By Andrew Lunn
You don’t have to be a saw maker to think about saws like one. Some of the most important decisions made when making a saw get surprisingly little attention from those who buy them.
Take hang angle, for example – that’s the angle formed between a saw’s grip and its toothline. I don’t think hang angle is discussed as much as it should be or in sufficient depth. Some explanations of it just plain miss the mark. Far more attention is given to how hang angle has evolved historically.
That’s interesting, but what about hang angle as it pertains to you right now making things in your shop? How much do you really know about it? Do you understand it well enough that you could determine a saw’s hang angle if you were told to calculate it from scratch?
The truth is, it takes little to make a saw that is functional. The earliest saws were little more than rocks with serrated edges. The real artistry in saws is in their refinement. The ultimate test of any saw is not whether or not it functions, but how well it functions.
You can (and should) evaluate that simply by using a saw. But the better you understand saws, the better you will understand what you are experiencing when you use them. You’ll know why they feel the way they do. Let’s examine hang angle from the saw maker’s perspective.
Understanding Hang Angle
Simply put, hang angle is the deepest piece of architectural geometry a saw possesses. When you push a saw, the force travels in the direction the grip is facing. That angle has a profound effect on how well a saw cuts. If the grip is angled downward too steeply, the teeth at the toe do not have enough energy behind them, and teeth farther back are pushed down into the wood instead of forward through it. The teeth at the rear will stick or perhaps even jam in the work if the angle is severe enough.
If, on the other hand, the grip is at too shallow an angle, the energy you apply will not be balanced behind the saw’s cutting action. Getting the energy directly behind the saw’s teeth is not the same as putting it behind the saw’s cutting action. More on that momentarily. The net effect of a saw with too shallow a hang angle is a saw that feels strangely disconnected from the sawyer and that lacks power.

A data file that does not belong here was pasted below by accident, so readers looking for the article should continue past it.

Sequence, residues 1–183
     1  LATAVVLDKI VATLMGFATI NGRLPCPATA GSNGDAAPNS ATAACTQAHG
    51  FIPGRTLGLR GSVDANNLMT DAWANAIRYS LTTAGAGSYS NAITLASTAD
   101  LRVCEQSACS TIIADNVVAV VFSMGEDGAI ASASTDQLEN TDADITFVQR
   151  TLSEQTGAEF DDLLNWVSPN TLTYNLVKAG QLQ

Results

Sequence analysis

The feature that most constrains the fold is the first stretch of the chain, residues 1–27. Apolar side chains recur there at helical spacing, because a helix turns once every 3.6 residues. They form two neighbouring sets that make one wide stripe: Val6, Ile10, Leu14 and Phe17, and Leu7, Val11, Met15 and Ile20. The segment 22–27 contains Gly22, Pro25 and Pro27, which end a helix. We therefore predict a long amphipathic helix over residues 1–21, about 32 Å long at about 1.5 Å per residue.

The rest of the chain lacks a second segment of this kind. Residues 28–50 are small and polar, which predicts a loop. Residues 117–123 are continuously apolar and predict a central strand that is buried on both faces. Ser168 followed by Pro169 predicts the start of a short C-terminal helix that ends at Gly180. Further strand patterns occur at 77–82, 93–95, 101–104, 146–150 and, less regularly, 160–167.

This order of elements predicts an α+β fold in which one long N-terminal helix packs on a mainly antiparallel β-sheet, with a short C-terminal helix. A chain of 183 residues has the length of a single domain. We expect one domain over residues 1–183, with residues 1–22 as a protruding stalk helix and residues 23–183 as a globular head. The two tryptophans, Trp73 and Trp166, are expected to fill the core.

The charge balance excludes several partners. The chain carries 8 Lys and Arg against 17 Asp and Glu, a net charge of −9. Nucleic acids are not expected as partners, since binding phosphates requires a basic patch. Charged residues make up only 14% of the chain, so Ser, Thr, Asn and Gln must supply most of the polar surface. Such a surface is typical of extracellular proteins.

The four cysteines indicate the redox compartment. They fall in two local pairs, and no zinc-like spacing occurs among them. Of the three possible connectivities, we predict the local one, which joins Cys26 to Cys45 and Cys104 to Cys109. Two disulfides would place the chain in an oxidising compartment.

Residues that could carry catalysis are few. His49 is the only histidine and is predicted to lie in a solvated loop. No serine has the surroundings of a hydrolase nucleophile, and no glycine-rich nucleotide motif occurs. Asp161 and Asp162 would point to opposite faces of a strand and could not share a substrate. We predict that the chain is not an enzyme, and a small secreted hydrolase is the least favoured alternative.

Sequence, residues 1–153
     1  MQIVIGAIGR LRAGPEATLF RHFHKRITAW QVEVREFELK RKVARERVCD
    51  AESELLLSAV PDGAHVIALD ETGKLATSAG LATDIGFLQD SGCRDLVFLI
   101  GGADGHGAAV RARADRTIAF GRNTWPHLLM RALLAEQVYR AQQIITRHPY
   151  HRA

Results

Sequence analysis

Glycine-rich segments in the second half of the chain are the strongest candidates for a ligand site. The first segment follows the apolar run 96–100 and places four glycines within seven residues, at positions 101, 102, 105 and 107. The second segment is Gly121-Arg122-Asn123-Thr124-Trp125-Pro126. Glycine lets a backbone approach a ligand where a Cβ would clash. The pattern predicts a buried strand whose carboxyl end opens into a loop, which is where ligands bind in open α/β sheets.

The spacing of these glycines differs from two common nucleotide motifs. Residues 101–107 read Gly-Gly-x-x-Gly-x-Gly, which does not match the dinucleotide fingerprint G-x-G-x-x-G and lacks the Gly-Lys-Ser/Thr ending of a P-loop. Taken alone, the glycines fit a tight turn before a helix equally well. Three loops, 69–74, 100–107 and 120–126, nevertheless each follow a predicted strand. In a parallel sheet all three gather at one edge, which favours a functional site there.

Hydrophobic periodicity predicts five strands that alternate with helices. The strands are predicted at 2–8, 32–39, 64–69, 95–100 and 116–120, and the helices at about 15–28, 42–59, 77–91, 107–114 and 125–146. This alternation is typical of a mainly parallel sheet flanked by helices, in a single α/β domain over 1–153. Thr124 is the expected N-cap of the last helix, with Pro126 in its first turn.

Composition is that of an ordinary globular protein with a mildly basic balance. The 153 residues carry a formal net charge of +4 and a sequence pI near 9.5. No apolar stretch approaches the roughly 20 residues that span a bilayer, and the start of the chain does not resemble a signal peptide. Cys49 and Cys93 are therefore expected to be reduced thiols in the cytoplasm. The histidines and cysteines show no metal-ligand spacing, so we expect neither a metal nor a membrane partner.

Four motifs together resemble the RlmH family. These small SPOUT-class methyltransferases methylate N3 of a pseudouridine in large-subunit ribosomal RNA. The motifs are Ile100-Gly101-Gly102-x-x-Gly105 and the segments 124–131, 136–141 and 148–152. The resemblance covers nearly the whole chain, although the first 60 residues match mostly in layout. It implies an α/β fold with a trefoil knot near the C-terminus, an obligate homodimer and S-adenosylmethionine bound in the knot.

In either case, the saw does not cut its best by simply pushing the handle forward. The sawyer will instinctively apply different types of body English to correct for the poor geometry.
For example, when the grip is angled too shallowly, you’ll find you rock your wrist forward with each stroke to create a more aggressive cutting action at the toe. When the grip is pointed downward too steeply, you will find you subtly keep track of the pressure you apply at different points along each stroke in order to keep the saw from jamming.
Even if you don’t consciously realize it, your skill and attention are being diverted from the work itself in order to overcome the saw’s shortcomings.
You could posit a general rule from this: lack of thought when making a tool results in distraction when using a tool.
To remedy either hang angle problem, the solution is the same. The force applied to the saw must be balanced behind the cutting action of the teeth. What exactly does that mean, though?
Article: Read “Understanding Western Backsaws,” by Christopher Schwarz.
Blog: Christopher Schwarz teaches you “How to Saw.”
In Our Store: “Handsaw Essentials,” by Christopher Schwarz, a collection of 15 years of his articles and blogs on the subject – Available November 2013.
To Buy: “Super-tune a Handsaw,” a DVD by Matt Cianci – Coming in January 2014.
From the October 2013 issue, #206
Buy the issue now.